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Care of Japanese Holly

By Alicia Bodine ; Updated September 21, 2017
Japanese holly can be used in landscaping.

The scientific name for the Japanese holly is Ilex crenata. Sometimes this evergreen shrub is called box-leaved holly. The Japanese holly can easily grow 10 feet tall and 8 feet wide. You can recognize this shrub by its small, dark green leaves and white flowers. If you would like to grow Japanese holly on your property, you will need to know how to properly care for it.

Use a sandy, loam, or clay soil when planting Japanese holly. The soil should have a pH of 3.7 to 6.8. You can buy a kit to test the pH of your soil or you can hire a professional to do it for you.

Set your Japanese holly in an area where it will receive mostly sun. A little bit of shade is okay, but the more direct sunlight the better for this shrub.

Use a 10-10-10 fertilizer once per year. The best time to apply this fertilizer to your Japanese holly is in the spring. Make sure you follow all of the directions on the product label so that you do not over-fertilize.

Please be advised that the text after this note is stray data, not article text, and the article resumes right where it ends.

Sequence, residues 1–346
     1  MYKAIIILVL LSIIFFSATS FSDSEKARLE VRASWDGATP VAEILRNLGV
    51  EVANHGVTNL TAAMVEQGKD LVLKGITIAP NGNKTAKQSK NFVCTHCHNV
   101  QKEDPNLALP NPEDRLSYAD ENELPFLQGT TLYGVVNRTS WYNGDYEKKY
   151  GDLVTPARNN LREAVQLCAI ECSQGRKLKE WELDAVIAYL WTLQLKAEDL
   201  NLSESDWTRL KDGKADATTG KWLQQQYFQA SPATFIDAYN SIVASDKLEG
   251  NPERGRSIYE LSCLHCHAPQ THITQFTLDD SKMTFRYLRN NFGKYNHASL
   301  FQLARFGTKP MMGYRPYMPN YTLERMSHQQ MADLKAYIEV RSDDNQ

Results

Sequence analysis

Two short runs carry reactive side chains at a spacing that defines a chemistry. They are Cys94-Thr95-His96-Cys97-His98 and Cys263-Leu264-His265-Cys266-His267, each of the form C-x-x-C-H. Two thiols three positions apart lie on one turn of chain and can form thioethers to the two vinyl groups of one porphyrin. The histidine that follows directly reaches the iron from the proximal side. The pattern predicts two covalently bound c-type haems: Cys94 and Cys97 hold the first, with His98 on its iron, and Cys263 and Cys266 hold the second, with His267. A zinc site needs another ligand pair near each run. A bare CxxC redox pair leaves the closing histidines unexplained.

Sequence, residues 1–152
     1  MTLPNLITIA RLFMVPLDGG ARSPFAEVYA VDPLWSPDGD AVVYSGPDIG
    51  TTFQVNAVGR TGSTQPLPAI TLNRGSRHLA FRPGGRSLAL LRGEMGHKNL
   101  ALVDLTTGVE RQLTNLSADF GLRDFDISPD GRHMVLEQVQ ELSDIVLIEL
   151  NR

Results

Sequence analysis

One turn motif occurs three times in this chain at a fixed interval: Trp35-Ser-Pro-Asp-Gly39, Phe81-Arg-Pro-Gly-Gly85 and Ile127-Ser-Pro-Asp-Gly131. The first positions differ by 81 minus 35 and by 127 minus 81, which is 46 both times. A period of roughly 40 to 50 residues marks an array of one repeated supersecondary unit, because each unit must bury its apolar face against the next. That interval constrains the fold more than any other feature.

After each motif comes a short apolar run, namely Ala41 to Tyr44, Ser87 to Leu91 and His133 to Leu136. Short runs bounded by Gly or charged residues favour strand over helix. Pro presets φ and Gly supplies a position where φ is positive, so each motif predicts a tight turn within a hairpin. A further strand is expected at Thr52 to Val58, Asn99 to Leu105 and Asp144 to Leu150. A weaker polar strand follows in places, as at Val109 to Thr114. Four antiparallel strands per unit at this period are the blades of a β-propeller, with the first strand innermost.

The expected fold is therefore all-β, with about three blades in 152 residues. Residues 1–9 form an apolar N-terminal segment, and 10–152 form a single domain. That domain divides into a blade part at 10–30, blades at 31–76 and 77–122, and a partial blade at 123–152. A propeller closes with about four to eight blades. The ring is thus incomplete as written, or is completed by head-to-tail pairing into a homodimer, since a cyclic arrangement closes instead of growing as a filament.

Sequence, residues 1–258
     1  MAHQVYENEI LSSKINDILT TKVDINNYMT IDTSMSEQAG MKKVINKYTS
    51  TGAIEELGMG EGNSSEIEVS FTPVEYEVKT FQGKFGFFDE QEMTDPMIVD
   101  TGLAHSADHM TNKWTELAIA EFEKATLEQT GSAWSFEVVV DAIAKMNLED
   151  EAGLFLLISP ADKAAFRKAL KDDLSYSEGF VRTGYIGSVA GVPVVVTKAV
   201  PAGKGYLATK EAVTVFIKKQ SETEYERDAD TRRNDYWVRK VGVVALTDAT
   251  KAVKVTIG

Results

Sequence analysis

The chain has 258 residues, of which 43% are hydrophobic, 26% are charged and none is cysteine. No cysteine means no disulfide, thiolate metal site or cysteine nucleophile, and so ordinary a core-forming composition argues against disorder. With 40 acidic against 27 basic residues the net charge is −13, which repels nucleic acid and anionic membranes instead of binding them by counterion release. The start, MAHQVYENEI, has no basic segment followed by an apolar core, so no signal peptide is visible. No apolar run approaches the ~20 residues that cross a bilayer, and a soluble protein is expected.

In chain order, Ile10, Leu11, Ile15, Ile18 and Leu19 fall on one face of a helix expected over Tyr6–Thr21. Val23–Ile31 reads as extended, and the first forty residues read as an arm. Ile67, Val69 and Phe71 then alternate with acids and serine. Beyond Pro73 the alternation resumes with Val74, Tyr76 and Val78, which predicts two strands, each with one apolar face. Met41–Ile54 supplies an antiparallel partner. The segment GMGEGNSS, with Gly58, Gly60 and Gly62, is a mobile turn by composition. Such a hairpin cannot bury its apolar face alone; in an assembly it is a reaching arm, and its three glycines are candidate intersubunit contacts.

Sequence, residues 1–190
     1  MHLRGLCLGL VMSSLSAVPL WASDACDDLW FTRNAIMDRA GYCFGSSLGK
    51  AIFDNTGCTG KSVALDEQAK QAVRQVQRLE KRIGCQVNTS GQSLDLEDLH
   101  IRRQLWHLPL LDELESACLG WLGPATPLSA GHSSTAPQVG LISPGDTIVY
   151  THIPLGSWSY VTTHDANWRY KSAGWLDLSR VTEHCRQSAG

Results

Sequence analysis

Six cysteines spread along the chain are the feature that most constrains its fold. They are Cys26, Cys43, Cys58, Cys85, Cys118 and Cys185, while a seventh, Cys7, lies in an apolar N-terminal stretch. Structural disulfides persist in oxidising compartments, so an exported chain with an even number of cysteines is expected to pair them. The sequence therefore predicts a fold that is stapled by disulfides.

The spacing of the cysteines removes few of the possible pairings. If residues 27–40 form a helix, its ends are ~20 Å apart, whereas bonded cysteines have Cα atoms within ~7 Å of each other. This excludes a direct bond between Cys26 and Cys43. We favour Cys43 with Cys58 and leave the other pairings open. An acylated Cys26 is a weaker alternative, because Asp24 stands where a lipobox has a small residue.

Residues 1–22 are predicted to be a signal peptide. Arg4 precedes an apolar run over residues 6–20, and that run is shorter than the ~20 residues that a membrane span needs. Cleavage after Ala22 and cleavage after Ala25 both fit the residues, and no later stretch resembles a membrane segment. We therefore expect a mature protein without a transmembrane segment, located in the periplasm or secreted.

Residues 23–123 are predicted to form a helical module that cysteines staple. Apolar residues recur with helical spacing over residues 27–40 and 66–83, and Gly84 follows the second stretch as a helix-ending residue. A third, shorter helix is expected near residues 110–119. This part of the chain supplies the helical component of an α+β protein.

Water your Japanese holly shrub once per week if there wasn't any significant rainfall since your last watering. The key is to water deep into the soil. At least 6 inches is best. If you had a heavy rainfall, the soil will be soaked and you will not need to do this.

Apply a layer of mulch around the base of the Japanese holly before winter sets in. This will keep the roots from freezing. The mulch should be at least 2 inches thick for the biggest benefit.

Use pruning shears to prune your Japanese holly right after the first flower buds appear. You can prune to keep your Japanese holly a certain height, or shape. Pruning will not hurt the Japanese holly in any way.

 

Things You Will Need

  • Soil
  • Sunlight
  • Fertilizer
  • Water
  • Pruning shears
  • Mulch

Tip

  • This shrub is tolerant of wild animals such as deer and rabbits.

Warning

  • Japanese holly shrubs are susceptible to caterpillars. Just mix a squirt of dish soap with a spray bottle full of water and aim it at any caterpillars you see. This is an excellent, all-natural way to control the caterpillars.

About the Author

 

Alicia Bodine has been a professional writer for 13 years. She has produced thousands of articles for online publications such as Demand Studios, GoBankingRates and WiseGeek. Bodine is passionate about gardening, travel, education and finance. She has received awards for being a top content producer.